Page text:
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The Coast Guard reminds boaters the importance of carrying life-saving communication and emergency distress equipment aboard their vessels.
While many boaters rely on cell phones for emergency communications on the water, VHF-FM radios are much more reliable in the marine environment and work in areas where cell phones sometimes don’t. When a mayday is broadcast over channel FM Channel 16, the international hailing and distress frequency, multiple response agencies and other nearby boaters can hear the distress call and offer immediate assistance.
The Coast Guard also highly recommends all mariners equip their boats with Emergency Position Indicating Radio Beacons and/or their life jackets with Personal Emergency Position Indicating Radio Beacons.
“EPIRBs and PEPIRBs are absolutely invaluable during emergencies because they instantly alert responders to your distress, provide a precise GPS location and give a description of your vessel when they’re properly registered,” said Capt. Todd Lutes, chief of incident management for the Seventh Coast Guard District. “If your boat capsizes or you fall overboard and can’t get to your radio, these small, relatively inexpensive pieces of equipment, along with your life jacket, can be the difference between living and dying.”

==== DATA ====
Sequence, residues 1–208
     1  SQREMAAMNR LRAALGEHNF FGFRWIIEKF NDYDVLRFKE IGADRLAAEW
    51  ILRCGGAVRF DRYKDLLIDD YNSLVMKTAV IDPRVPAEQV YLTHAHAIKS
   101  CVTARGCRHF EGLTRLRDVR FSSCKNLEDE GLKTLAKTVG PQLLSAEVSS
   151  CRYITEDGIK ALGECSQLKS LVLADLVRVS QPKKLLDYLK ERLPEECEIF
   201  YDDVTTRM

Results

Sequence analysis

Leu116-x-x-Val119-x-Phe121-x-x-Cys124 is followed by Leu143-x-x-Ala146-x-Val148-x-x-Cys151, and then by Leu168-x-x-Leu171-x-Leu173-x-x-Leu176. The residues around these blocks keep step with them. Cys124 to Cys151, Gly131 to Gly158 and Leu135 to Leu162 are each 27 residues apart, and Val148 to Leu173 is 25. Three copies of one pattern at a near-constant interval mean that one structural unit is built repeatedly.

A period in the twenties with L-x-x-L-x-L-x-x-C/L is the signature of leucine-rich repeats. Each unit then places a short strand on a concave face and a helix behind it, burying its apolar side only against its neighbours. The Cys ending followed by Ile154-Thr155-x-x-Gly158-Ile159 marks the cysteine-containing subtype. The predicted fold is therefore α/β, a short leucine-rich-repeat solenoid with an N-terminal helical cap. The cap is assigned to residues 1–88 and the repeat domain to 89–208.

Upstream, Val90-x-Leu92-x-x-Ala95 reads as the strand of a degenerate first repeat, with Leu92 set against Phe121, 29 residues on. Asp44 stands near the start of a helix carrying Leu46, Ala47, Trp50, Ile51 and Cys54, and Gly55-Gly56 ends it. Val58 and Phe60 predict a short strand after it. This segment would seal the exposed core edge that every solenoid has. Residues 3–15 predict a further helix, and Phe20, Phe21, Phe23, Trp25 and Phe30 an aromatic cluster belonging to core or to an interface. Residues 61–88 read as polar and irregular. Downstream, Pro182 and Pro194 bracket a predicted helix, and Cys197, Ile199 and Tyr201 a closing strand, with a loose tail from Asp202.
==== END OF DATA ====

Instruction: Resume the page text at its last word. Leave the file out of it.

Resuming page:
EPIRBs and PEPIRBs may be activated manually by the push of a button or automatically when they enter the water, depending on the model.
In 2012, registered EPIRBs and PEPIRBs were directly responsible for 67 lives saved in the Seventh Coast Guard District. Additionally, in accordance with federal law, recreational boats 16 feet and longer are required to carry visual distress signals such as flares, smoke signals or non-pyrotechnic devices, and vessels 12 meters or longer are required to carry sound-producing devices such as whistles, bells and gongs. State and local laws may require additional safety equipment.
Federal requirements can be found in the brochure “A Boater’s Guide to the Federal Requirements for Recreational Boats”.